As she was waiting for the bridge to lower, thinking about everything and nothing, she stared off into distance, alternating her focus between the windshield and the lights ahead of her. She imagined the water lapping against the side of the ship that was passing, how it would be smooth and methodical at port, but would peel away as the ship began to move. Eventually it would just be a constant stream alongside the hull, a steady flow with only the slightest undulation. It was such a calming thought, a transformation with so little effort or destruction. Nothing about it was permanent. She wondered if it was because the ship was so big and the water so vast. Whether the whole process seemed much more tumultuous to the fish or whether they were too small to even notice. “There used to be much bigger fish in the river,” she thought, “They probably would have noticed.” So perhaps its better they were gone, confined to the farms where they never had to worry about bothersome ships or where the delicious little fish were hiding. They would just wait for the plum of feed to engulf them and eat and swim until their number was up. Joan thought it probably wasn’t a bad way to live or die, assuming one had to do both.
No sooner had that thought passed from her mind and into the ether, than a car sped by her, passed through the warning lights and disappeared into the fog.
She had never gotten out of her car in the middle of the road before, and the idea was most unsettling. A part of her felt it was unnecessary. There was nothing she could do and she would be making herself vulnerable by leaving the safety of her car. Still, how would it look if she didn’t. Pretty bad. The whole bridge was monitored. The footage would probably be on news within the hour, assuming the driver couldn’t be identified, in which case, it would show up as soon as the family was notified. She would become the driver of the blue car that didn’t care enough to look. She would never hear the end of it at home.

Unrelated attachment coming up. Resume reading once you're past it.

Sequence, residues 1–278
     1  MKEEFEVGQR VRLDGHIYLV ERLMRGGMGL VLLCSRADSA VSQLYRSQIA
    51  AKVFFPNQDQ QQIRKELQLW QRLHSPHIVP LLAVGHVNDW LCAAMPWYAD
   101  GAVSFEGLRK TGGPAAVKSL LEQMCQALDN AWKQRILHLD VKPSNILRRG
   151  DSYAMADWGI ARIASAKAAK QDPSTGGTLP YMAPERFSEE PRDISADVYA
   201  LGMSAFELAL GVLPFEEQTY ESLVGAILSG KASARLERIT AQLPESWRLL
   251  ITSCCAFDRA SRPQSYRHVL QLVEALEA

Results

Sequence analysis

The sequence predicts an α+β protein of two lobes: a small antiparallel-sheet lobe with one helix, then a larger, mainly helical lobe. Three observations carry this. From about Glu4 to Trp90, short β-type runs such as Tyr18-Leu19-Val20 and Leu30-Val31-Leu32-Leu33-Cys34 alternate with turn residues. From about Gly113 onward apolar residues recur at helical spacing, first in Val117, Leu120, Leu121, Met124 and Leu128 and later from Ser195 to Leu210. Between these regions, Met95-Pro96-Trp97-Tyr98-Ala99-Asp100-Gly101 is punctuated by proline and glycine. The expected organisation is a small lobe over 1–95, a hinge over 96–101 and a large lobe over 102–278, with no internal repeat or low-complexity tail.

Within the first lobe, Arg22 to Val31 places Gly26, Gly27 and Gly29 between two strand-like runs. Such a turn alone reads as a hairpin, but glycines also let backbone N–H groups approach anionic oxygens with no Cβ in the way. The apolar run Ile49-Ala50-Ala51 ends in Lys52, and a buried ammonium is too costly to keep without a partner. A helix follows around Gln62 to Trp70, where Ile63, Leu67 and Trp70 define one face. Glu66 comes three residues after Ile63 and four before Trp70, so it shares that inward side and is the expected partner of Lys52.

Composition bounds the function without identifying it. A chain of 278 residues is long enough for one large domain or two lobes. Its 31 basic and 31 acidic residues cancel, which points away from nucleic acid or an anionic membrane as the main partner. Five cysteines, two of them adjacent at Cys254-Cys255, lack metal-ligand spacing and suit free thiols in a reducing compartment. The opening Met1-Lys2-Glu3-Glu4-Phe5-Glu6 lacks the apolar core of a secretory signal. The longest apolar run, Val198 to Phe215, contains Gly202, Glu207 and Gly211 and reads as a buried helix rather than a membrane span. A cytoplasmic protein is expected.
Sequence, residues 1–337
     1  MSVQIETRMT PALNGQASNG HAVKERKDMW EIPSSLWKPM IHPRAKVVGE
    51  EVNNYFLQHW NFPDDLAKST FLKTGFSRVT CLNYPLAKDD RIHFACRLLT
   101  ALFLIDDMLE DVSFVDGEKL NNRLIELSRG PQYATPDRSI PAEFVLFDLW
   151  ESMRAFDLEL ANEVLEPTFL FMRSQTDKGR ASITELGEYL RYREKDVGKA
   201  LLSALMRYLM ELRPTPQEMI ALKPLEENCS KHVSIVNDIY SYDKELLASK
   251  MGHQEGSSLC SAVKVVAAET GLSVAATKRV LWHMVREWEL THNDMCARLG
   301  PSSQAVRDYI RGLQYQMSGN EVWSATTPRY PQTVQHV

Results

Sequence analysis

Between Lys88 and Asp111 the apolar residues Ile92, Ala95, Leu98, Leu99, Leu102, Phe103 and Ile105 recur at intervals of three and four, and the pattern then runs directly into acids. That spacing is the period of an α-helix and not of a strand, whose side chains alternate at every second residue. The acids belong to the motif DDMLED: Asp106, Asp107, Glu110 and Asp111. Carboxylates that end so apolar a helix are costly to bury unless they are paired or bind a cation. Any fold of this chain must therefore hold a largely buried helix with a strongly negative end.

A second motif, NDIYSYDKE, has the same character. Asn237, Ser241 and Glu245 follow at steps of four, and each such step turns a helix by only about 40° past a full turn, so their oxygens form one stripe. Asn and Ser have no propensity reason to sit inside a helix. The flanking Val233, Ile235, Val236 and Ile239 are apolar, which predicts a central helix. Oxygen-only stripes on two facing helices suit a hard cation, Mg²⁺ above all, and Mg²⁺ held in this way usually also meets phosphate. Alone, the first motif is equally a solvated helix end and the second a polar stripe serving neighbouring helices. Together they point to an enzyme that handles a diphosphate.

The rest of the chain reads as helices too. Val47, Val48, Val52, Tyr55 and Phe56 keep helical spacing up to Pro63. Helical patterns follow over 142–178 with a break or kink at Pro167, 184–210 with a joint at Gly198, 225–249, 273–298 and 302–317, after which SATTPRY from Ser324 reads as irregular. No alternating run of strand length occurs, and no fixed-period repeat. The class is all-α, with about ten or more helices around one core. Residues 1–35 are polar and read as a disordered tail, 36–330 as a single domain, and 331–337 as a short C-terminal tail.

She lifted the door slowly and looked both way before she stepped outside. The dampness of the air and the proximity to the water gave her a chill, even though it wasn’t cold. She closed the door without looking. Her gaze was already focused on the bridge. She walked slowly toward the lights, just as the sirens started in the distance. Within minutes the port police would arrive. She had to at least be past the threshold by then. She turned around and saw that her car had half disappeared in the fog. She might as well keep going.
The arm had lifted about halfway before it froze in place. She let touched the bar lightly although she didn’t have to crouch to go under it. The ground under her turned from solid metal to a woven grate. She could hear the water hiss and whistle. She looked down. The fog probably blocked any view of the water, but she swore she could see it rushing under her. Maybe it was the sound. She started to feel dizzy and looked up quickly.
As the ever-obedient dance partner to the arm, the bridge had lowered about halfway, maybe a little more. She couldn’t see to the other side or around it. There was a narrow walkway on the left that was striped with rows of rebar to make it a ladder when it was vertical. She grasped the railing and started climbing.
The top of the bridge was very high. Higher than she had ever been on foot. There were birds that had perched at the top. They looked at her as she approached. They weren’t afraid. They didn’t know enough to be afraid. They had probably spent their whole short lives flying around this bridge and had never seen a human. It’s not like people drove off it everyday. In any event, they stayed there as she reached the top. And they looked over the edge with her.
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